Review of Optometry

It is becoming a popular topic of the 2020 Legislative Session and revolves around allowing licensed Optometrists to practice at the full capacity of their training. There are two bills presented this session pertaining to the issue and it is still unclear whether or not they will survive the committee deadline next week.

When you go in to get your eyes checked, you go to one of two people – an optometrist or an ophthalmologist. The difference is in the details.

An Ophthalmologist is a medical doctor who specializes in eye and vision care. They have completed a Bachelor’s degree as well as eight years of additional medical training including a MD. An Ophthalmologist can treat all eye diseases, perform eye surgery, and prescribe and fit eyeglasses or contacts.



An Optometrist is an eye care professional who provides primary vision care. This can range from sight testing and correction to the diagnosis, treatment and management of vision changes. They are not a medical doctor but rather receive a Doctor of Optometry (OD) degree after four years of optometry school. Their primary practices include eye exams, vision tests, prescribing and dispensing corrective lenses, detecting eye abnormalities and prescribing medications for some eye diseases.

Companion bills SB 2070 and HB 1203 in this session deal with the scope of work that optometrists are allowed by Mississippi law. They would require for the State Board of Optometry, not the state of Mississippi, to redefine the exemptions of practice optometrists are currently subject to. The bills would continue to prevent optometrists from performing types of invasive surgery such as retina laser procedures, any surgeries under general anesthesia, eye removal and others. Those practices are still reserved for licensed ophthalmologists.

Ophthamologists gathered at the Capitol this week to rally against the bills saying that any invasive surgical eye procedures should be left only to those that have an MD. At the rally, Ophthalmologist Dr. Kimberly Crowder stated, “Any time the human tissue on or near the eye is cut with a laser or a scalpel, it is surgery. Calling it anything else is simply not true.”



Ryan Wally, O.D., who studied at the University of Alabama Birmingham School of Optometry said the bills would simply allow optometrists to do what they are trained to do, but are not currently able to do in the state of Mississippi.

He added that many other states like our neighbors in Louisiana and Tennessee and even as far as Oklahoma, allow for full use of their skills in the practice. To his knowledge the current regulations do not allow for optometrists to practice on the base level of their training.



According to the Review of Optometry, Mississippi’s practice limits for Optometry are on par with most other states.  However, there are the few listed that allow for laser procedures.  Louisiana’s bill to open up Optometry was signed into law under Gov. Bobby Jindal in 2014.

“The issue we are having is a brain drain of our optometrists because it is much easier for example to cross over to Louisiana and practice to the full extent of their training,” said Wally.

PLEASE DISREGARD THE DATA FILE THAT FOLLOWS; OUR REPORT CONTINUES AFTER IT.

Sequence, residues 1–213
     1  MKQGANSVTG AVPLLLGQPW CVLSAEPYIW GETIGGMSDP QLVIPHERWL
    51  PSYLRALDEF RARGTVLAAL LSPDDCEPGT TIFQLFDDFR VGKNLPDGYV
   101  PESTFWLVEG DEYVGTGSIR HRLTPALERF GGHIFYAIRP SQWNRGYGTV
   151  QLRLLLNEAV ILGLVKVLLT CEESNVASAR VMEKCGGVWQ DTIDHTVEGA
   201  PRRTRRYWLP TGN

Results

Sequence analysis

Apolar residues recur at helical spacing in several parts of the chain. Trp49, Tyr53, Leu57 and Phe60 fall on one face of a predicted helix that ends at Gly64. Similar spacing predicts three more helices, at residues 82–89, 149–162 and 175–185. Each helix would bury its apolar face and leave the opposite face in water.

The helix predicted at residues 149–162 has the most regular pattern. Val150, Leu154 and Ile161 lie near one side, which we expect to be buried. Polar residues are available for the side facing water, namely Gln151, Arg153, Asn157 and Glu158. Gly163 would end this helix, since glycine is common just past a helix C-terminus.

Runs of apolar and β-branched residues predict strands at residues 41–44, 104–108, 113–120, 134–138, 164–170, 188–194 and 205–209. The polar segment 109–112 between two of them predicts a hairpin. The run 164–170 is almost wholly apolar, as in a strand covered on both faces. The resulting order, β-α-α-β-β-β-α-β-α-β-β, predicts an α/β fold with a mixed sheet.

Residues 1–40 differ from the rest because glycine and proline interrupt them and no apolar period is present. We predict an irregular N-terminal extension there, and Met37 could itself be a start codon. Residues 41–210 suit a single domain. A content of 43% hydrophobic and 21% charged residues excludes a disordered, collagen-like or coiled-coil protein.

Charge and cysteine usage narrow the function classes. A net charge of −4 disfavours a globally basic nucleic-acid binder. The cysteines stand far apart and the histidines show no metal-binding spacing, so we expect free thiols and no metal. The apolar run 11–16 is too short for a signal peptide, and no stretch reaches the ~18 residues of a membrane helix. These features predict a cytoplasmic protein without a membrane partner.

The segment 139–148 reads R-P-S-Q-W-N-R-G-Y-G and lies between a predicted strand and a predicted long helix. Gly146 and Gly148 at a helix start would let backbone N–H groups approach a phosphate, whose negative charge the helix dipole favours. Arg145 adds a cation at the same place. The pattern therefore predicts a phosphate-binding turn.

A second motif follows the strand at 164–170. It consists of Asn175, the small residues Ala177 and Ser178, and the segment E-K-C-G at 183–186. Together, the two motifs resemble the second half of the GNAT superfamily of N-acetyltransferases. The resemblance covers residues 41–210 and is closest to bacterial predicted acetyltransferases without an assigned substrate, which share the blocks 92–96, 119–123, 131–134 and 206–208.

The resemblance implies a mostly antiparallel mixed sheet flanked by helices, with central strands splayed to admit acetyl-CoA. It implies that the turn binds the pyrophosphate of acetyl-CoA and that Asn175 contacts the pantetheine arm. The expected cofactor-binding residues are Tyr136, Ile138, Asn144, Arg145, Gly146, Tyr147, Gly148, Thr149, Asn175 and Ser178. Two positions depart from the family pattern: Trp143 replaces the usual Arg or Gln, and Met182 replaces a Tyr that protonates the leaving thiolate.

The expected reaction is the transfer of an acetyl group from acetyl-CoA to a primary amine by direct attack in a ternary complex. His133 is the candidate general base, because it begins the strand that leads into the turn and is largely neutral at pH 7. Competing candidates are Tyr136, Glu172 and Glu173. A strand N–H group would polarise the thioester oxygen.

Redefining the lines of practice has come up in the past. He said in the 1990’s there was a push for the ability to use topical creams, something he said seems ridiculous to think there was once restricted access. Then in 2005 they were granted the right to prescribe oral medications.

“To me, it’s just common sense,” said Wally. His sentiments were echoed by fellow Optometrist Steven Reed, O.D.



“Really, they are more of parity bills. If a dentist graduates in Mississippi and comes to practice here and the Legislature said you can’t do a root canal, that would just be absurd. But that is what is happening in optometry,” said Reed. Since graduating 25 years ago, Reed says he has never been able to practice optometry to the full extent of his training.

Reed said it is more of a burden for patients to not allow for these professionals to practice. With Mississippi being vastly rural, optometrists are in over 77 counties and in 40 of those counties they are the only eye care provider.

“We need optometrists to come back and practice in these rural areas that are unserved,” said Reed.

However, Beth Clay who represents the Mississippi Academy of Eye Physicians and Surgeons says that making these allowances is a risk for patients.

“I just do not think the people of Mississippi, who many do not know the difference if they see optometrists versus ophthalmologists, they don’t really know who went to med school and who didn’t,” said Clay. She pointed out that in the new revision of Mississippi CPT codes, they would allow for some forms of surgery to be performed. Surgery for these purposes is any procedure that uses a scalpel.

Some of those codes cover things like the draining of a cyst, biopsy of a lesion, and ability to cut off a skin tag. Some CPT codes that could be classified as more invasive, include surgery to reconstruct an eyelid and surgery for complex repair of a wound. Because all of these actions require the use of a scalpel, they are considered surgery regardless of how simple or complex.



Clay said she and her clients are of the opinion that because optometrists are not required to be trained in medical school, there is not comparison between seeking an ophthalmologist for these procedures. While those in favor of the expansion of practice say, the bill does not ask for permission to perform invasive surgeries or injections and would be within the realm of training for an optometrist.

The Senate bill was double referred to Public Health and Welfare and Accountability, Efficiency, Transparency while the House bill was sent to Public Health and Human Services.